Asked about the fired employee, Marlinspike said, “Like any other company, we have fired people who have under performed. No one at Signal has ever been fired for making a mistake.”

Joshua Lee Bauer, a Los Angeles-based former chief technology officer, joined Signal in January 2019 as a senior server engineer. But he said he was fired after only three months — a period he said was marked by frustration with Marlinspike's leadership style and unwillingness to respond to his suggestions. 

“We were both unhappy and agreed to part ways, but he initiated it,” Lee Bauer said.  “I felt like all the other engineers were pleased with what I was doing, but with Moxie there was just this weird barrier.”

“After a couple of weeks he just shut off from me,” he said. “He's sort of your typical hacker. He fits the mold in every way. And that comes with pros and cons. He's pretty good at what he does, but at the same time there's an aloofness.”

“He's sort of your typical hacker. He fits the mold in every way. And that comes with pros and cons.”

Signal's sudden growth has also prompted concerns among some employees that it hasn't created clear policies around misuse by extremists who are increasingly embracing the app.

In the aftermath of rioting in Washington on January 6 by supporters of then lame duck President Donald Trump, federal authorities disclosed that members of the Oath Keepers militia group had been using Signal to orchestrate their participation in the rioting at the U.S. Capitol building.  In February, Kelli Stewart, a leader in the conservative militia group People's Rights, told a gathering of supporters that the organization had adopted Signal because its regular method of sending out text messages had been “blocked from communicating with phone providers.” 

Gregg Bernstein, who started at Signal in March 2020 as a user researcher, identified the risk of militia groups adopting the platform. He resigned in January in part because of concerns that a new Signal feature could be misused by extremists. That feature allows users to post links online to group chats, which could be joined by up to 1,000 people.

“I thought we needed to think about how this could go wrong–how the groups could be abused by bad actors,” Bernstein said. “But when I would raise issues about policies, guidelines for how we want people to use Signal, it was always a non-starter.”

Bernstein said he didn't want Signal to moderate the content of people's private group chats or to take any action that would undermine the app's underlying encryption. Instead, he believes the company should consider limiting the size of groups, to make it harder for extremist groups to use them as forums for recruitment or for broadcasting propaganda.

“I don't think we want to support Signal for insurrections,” he said.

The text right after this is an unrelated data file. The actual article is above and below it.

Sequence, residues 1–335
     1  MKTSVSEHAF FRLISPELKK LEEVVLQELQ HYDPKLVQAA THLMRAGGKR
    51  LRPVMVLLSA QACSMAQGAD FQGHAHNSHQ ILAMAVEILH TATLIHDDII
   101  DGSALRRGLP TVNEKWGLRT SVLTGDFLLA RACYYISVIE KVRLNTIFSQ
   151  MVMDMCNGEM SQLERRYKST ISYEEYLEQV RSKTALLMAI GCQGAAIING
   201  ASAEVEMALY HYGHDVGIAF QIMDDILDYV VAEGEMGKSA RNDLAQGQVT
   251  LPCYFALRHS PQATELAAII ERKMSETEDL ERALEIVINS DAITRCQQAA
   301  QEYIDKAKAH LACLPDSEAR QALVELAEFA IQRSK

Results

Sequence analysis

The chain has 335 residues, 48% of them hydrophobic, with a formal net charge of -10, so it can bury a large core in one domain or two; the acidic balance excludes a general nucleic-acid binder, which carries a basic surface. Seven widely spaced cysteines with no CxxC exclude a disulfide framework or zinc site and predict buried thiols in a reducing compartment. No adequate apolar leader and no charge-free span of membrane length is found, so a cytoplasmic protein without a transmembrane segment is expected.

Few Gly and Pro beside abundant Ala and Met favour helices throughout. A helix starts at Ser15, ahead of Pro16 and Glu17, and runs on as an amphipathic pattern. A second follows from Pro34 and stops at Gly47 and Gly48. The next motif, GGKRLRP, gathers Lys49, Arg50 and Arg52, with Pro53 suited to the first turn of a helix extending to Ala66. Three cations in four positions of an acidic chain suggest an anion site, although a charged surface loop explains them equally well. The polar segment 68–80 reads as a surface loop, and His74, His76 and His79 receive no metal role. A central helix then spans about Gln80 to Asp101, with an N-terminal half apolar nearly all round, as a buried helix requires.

Marlinspike said Signal has taken some steps to reduce the risk of people spreading misinformation, including restricting users from forwarding messages to more than five people at a time. But he was dismissive of concerns about militias or other extremists using Signal groups to organize. 

 “People are asking YouTube to take responsibility for content moderation because YouTube is showing people videos that they had no intention of watching,” he said. “Encrypted messaging platforms can't do that and aren't amplifying or making content discoverable. I think it is a different space entirely.”

In the future, Signal may become more than just a messaging app. In April, the company announced it was testing a new cryptocurrency feature that would enable “privacy-focused payments,” bringing with it a new set of issues for Marlinspike to address. Signal's intention is to make it easier for people to send money—possibly an effort to challenge a Facebook plan to create a similar tool for WhatsApp.  In addition to concerns that it could be used for illicit activity, however, some employees worry the feature could provide ammunition to critics in law enforcement, some of whom have long argued that end-to-end encryption like Signal's thwarts investigations by protecting criminals' communications.

 Marlinspike said he isn't too worried about authorities coming after his company because “large swaths of the government in the U.S. and many other countries are using Signal.” 

He said he is hoping to continue growing Signal as a privacy-focused antidote to what he describes as the ills of Big Tech.

“Signal is in some ways the boring project of trying to bring normality to the internet,” Marlinspike said. “I would like to see that normality in as many places as possible.”

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First Published Date: 29 May, 18:37 IST